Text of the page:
A few weeks before he retired as Wells Fargo's chairman in December, Richard Kovacevich boasted that the company has never been in better position to sell more products and services to existing customers.
That's partly because Wells Fargo picked up millions of new customers when it bought Wachovia last year, presenting branch managers and other frontline employees with unprecedented cross-selling opportunities.
But the financial crisis is a factor, too. Consumers are thinking differently about how they shop for financial services; rather than look for the best rates, many just want to park their money at a bank they can trust.
"I have never seen a better opportunity for Wells Fargo for market-share growth and wallet-share growth in my over 30 years in this industry," Kovacevich told investors. "The competitive environment has changed dramatically."
Wells Fargo - already an industry leader in the number-of-products-per-household category - is not the only company putting a greater emphasis on wallet share. With interest income shrinking due to weak loan demand and fee income expected to decline as new credit card and overdraft laws take effect, bankers are rethinking how they interact with customers and focusing on deepening relationships.
"Relationship banking has never been more important than now for the proper economics of the business," says Rick Spitler, a managing director at Novantas, a consulting firm in New York. "Cross-selling and relationship banking have to be a huge priority going forward," especially since new regulations will drive up the costs of checking accounts.
According to Bancography, a consulting firm in Birmingham, Ala., a customer who has just one product with a bank will stick with that bank for about 18 months, but add even one product - a savings account, perhaps - and the average jumps to four years. Customers with three products will stay with the bank for about 6.8 years.
"The broader the relationship, the longer the customer stays," says Steve Reider, Bancography's president.
To a degree, bankers have always been interested in deepening relationships. It's why many, in the last decade or so, have put incentive programs in place to encourage employees to cross-sell. But, all too often, consultants say, banks have undermined their goals by charging excessive fees for overdrafts or failing to train staff adequately on providing proper customer service. Many have also failed to take advantage of technology that helps them seize the moment when a customer is in the market for a new product.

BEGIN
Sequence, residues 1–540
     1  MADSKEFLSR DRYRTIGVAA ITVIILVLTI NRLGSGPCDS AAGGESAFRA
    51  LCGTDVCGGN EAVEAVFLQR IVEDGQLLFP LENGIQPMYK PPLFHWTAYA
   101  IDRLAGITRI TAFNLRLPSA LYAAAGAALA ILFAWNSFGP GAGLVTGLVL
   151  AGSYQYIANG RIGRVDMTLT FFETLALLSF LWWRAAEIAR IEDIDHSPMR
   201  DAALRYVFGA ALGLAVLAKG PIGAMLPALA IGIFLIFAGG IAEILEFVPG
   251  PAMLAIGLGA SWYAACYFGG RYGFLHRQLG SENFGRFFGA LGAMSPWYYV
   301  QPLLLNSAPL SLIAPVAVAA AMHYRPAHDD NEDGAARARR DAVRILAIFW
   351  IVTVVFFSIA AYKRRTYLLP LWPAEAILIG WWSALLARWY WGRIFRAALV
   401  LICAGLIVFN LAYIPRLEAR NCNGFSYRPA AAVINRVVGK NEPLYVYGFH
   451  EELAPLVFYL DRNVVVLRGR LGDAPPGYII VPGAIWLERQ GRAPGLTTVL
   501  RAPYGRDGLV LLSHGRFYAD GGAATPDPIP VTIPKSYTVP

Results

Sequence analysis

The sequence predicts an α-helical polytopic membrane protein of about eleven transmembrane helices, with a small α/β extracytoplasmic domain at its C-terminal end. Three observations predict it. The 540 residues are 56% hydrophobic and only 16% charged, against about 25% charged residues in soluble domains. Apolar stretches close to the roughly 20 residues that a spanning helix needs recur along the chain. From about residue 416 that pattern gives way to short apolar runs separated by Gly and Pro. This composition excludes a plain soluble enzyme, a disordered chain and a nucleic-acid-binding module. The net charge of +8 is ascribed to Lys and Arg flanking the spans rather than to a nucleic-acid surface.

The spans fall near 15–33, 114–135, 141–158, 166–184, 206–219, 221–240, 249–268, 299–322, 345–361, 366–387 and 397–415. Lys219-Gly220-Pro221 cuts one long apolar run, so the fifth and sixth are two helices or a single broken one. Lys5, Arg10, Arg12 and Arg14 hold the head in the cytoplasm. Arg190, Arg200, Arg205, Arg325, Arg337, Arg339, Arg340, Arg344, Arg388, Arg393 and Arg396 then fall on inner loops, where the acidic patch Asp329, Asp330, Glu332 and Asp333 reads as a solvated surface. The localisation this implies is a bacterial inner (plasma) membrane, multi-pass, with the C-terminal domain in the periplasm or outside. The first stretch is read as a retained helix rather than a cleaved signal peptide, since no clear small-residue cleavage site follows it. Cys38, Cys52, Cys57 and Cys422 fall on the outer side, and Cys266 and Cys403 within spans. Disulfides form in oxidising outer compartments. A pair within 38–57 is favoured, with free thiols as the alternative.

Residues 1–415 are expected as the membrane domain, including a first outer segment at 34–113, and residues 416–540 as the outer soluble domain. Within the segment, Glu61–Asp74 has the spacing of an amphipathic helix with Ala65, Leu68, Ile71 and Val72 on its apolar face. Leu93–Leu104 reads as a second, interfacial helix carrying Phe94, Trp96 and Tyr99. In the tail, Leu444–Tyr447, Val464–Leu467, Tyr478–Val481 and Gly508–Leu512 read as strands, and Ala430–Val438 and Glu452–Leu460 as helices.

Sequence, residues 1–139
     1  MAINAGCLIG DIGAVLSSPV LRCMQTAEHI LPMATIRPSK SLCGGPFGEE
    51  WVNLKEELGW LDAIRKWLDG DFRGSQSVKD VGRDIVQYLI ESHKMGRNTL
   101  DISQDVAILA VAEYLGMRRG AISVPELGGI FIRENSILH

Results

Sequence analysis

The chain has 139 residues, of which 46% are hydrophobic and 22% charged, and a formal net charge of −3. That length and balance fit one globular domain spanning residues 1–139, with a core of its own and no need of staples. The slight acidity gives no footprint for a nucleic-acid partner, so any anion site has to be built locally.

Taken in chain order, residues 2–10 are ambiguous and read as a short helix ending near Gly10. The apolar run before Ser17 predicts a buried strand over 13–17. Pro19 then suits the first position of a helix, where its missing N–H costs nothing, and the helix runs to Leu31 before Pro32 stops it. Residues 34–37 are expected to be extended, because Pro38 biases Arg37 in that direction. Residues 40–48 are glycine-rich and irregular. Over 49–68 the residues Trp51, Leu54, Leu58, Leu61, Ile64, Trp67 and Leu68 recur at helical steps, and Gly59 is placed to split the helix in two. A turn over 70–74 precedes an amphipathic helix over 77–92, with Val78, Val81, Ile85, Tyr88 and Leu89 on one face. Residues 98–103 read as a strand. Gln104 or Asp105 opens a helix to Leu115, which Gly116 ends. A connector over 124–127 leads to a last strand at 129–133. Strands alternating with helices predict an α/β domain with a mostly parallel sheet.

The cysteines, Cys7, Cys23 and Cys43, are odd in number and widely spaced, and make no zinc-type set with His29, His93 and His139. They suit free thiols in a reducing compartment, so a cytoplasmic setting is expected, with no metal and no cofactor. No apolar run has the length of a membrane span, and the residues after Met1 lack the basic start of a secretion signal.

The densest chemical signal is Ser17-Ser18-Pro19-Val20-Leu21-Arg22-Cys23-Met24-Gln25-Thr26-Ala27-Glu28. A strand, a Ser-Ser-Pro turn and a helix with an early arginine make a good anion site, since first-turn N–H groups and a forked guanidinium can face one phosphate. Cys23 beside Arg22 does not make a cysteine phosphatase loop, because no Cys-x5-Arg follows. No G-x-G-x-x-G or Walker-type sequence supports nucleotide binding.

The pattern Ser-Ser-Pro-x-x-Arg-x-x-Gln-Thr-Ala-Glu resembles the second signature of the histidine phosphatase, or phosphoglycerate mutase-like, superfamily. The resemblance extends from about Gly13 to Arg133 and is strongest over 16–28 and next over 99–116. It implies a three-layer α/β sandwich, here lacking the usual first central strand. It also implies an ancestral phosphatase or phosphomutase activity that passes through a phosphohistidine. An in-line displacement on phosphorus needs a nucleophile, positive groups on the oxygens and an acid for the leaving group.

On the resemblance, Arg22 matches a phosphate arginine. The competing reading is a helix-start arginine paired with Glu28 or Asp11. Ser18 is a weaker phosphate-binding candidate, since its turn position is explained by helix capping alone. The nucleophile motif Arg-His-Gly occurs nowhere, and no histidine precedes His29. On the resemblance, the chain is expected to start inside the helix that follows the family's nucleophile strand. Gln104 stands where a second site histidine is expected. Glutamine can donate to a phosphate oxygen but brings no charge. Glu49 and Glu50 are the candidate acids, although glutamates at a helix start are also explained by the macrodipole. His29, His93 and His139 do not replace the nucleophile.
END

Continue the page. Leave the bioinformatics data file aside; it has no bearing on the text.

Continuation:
Wallet share can be defined in many ways, but, most simply, it represents how much of a client's investable assets rest at the financial institution, according to Bancography. This can include checking, savings and money-markets accounts, as well as insurance and wealth-management products, such as mutual funds. Some banks will also count debit cards and online bill pay as products, too, since they encourage transactions, and they might include credit products, such as mortgages, credit cards, equity lines of credit and personal loans.
Most everyone agrees that building wallet share starts with the checking account, since customers use it as a hub for paying bills and managing money. Most also agree that there's no shortage of opportunity to deepen relationships. Americans have about $20 trillion in investable assets, 30 percent of which are held in deposits, according to IXI, a unit of Equifax Inc. in Atlanta. More than half of these assets are held by households with $1 million or more to invest.
Yet, most banks have just a fraction of the average consumer's wallet. According to a September 2009 report from Forrester Research, adults own an average of 8.2 financial products, but generally have no more than two or three products at any one financial institution.
It sounds almost trite, but bankers and consultants say that winning a larger share of customers' business takes hard work and commitment. That means taking the time to educate and train employees, investing in marketing and technology and, particularly these days, fostering a sense of trustworthiness. Here, according to industry experts, are eight keys to capturing more wallet share and deepening relationships.
1. USE THE WEB
With margins so thin, banks need to use technology "to squeeze out the efficiencies and reduce costs," says Dinesh Sheth, the CEO at uMonitor-Parsum Technologies, a financial-services vendor in Memphis. At a minimum, banks that want to increase wallet share must offer online banking with bill pay and transfer capability, and Sheth says banks would be able to sell even more loan and deposit products to customers if they could open and fund new accounts online. "The basic expectation of the user base has grown," he says.
If more banks had the capability to let consumers open accounts online, they might be as successful at cross-selling as USAA. According to Forrester, USAA is "the undisputed cross-sell leader" in the financial services industry, with an average of 3.9 products per customer. (Among brick-and-mortar banks, BB&T leads the pack with 3.4 products per customer, followed by PNC, with 3.3, and Wells Fargo, with 3.2).